Monday, April 25, 2016

Regency Weekend

Last weekend I took a break from frantic 18th century sewing to attend the Regency Weekend held by the Commonwealth Vintage Dancers in Salem, MA. Salem was a bustling industry hub and shipping capitol during the early 19th century, and one of the largest cities in the country. Thus, the city (which retains many of the buildings from this period) is a perfect setting for time travel to the Regency era!

strolling by the warf
This event is one of my favorite of the year, because it really does feel like stepping back in time. Over the course of the weekend, you get to know the other attendees in a really special way, so by the time the Grand Ball begins on Sunday night it feels like attending a neighborhood party with friends. Plus, as everyone has been working hard on their dancing all weekend, there's no teaching at the ball--everyone just gets up and goes! It's a truly wonderful experience, and very unique.

There are three costumed events during the weekend: two balls and one afternoon tea. I didn't have time to sew anything new, but as I'm wearing a lot of rather old dresses at this point I wanted something exciting and fresh. I decided to focus on the afternoon. I made a chemisette and finished a bonnet I'd started for last year (I ended up unable to attend the weekend due to a family emergency). I also brought some extra feathers for my hair, and wore the new jewelry I recently acquired for my francaise ensemble. Having new accessories definitely made a difference, and it was nice to feel new and exciting even in old clothes!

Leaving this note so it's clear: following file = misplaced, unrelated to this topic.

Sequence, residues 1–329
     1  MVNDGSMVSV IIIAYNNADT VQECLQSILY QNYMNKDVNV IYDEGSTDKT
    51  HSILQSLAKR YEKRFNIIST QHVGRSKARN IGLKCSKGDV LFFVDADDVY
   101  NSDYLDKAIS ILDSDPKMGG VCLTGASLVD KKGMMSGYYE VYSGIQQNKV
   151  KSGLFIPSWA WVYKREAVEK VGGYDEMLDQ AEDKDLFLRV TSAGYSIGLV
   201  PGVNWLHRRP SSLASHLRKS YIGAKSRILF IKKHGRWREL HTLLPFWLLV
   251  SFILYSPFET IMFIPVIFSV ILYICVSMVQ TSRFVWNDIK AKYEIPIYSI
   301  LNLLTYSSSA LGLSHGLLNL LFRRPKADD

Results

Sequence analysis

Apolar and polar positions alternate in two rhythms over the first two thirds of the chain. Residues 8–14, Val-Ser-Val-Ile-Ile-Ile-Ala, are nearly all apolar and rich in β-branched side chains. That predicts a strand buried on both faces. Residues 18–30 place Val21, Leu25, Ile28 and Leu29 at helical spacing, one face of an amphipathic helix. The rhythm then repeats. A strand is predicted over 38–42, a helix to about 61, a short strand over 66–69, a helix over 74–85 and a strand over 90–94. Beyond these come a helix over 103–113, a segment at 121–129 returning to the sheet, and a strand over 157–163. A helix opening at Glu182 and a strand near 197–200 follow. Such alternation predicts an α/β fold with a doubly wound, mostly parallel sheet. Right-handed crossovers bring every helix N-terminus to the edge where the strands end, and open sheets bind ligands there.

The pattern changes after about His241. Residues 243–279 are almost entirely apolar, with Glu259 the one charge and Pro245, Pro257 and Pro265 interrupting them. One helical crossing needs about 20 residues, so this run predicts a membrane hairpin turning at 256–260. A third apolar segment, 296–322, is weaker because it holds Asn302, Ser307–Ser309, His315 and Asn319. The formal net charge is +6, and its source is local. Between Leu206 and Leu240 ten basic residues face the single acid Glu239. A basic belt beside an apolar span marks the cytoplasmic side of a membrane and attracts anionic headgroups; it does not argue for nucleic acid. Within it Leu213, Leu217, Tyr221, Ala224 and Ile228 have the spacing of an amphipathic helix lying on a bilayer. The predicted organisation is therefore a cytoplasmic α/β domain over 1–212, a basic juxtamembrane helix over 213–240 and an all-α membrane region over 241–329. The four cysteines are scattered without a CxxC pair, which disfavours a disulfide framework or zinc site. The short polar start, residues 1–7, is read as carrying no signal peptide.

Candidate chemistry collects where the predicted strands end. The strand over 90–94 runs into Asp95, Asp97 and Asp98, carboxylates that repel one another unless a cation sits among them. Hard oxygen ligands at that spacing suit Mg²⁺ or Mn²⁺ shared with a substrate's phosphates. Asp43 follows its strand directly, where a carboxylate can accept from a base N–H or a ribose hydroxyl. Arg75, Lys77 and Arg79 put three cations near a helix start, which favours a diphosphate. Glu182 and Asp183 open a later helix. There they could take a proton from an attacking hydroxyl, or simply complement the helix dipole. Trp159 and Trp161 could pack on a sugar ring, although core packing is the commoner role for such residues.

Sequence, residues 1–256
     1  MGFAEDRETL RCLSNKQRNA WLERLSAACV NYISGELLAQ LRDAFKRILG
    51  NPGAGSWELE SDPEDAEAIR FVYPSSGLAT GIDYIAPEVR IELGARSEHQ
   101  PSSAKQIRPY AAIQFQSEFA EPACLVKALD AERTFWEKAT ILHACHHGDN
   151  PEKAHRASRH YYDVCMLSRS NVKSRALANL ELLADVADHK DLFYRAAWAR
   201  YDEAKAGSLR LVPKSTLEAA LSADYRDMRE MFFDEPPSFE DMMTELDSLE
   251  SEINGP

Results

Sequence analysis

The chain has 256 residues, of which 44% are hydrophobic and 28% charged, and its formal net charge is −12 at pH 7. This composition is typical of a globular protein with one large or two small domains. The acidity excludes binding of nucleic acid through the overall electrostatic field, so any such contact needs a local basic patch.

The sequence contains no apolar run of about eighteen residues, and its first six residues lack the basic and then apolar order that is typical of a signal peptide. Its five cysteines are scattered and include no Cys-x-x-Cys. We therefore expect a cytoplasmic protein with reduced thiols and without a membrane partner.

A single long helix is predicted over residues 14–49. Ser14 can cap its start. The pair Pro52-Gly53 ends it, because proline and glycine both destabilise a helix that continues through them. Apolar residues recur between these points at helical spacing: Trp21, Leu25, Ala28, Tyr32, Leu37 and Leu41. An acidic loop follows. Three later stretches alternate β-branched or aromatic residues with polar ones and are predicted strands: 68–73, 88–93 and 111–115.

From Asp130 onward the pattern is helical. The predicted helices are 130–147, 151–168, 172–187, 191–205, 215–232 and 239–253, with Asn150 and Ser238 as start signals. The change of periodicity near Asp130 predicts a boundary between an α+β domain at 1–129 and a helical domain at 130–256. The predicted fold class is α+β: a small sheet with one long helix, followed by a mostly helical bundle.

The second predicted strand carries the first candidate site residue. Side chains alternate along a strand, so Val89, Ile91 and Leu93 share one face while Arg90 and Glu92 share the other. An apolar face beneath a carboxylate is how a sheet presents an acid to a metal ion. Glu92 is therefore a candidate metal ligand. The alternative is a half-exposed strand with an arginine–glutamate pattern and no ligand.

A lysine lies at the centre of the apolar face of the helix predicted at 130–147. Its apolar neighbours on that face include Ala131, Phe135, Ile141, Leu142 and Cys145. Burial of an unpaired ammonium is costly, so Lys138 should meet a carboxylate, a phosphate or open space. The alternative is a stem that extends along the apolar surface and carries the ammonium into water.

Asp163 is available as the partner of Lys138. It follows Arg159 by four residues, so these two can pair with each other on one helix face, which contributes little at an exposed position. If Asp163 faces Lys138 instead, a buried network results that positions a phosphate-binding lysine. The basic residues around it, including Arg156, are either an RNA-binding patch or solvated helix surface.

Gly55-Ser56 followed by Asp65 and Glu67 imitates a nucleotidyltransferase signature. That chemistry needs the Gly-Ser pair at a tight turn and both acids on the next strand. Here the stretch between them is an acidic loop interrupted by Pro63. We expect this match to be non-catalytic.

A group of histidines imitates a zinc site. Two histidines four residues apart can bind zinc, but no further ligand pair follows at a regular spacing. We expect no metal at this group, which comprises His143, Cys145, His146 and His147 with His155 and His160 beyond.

This event is really magical, and I had a wonderful time. I'll let the pictures speak for themselves without too much commentary.

dancing at the Saturday evening ball

a champagne jelly at the Saturday ball

A friend and I stayed in Salem for the weekend rather than driving back and forth from Boston. Our hotel, The Merchant, is in a historic house in downtown Salem. It was perfect for us, and so much fun! We took photos in the parlor windows before tea.
this series of window photos I took are some of my favorites from the weekend

I made chicken mousse for tea! It's molded into the shape of  a duck on water

period-style playing cards, from some lighthearted gambling at tea. Commerce is our favorite Regency card game--it's sort of a cross between Poker and Go Fish.

at the warf, part of the Salem Maritime NHS

assembling for the opening minuet--dancing teachers continued to push the minuet into the early 19th century, and it sometimes was used as the opening dance of the evening. We learn a basic minuet choreography in class, and then perform it as the opening dance for the Grand Ball on Sunday evening

serious minuet faces

a country dance

eating refreshments and playing cards in the supper room, adjacent to the ballroom
refreshments in the supper room adjacent to the ballroom. In keeping with Regency menus, we served a variety of jellies, cakes, fruit, and syllabub with cookies
 Such fun!

1 comment:

  1. A lovely all-encompassing recap of the weekend. :) I loved the window photos, too!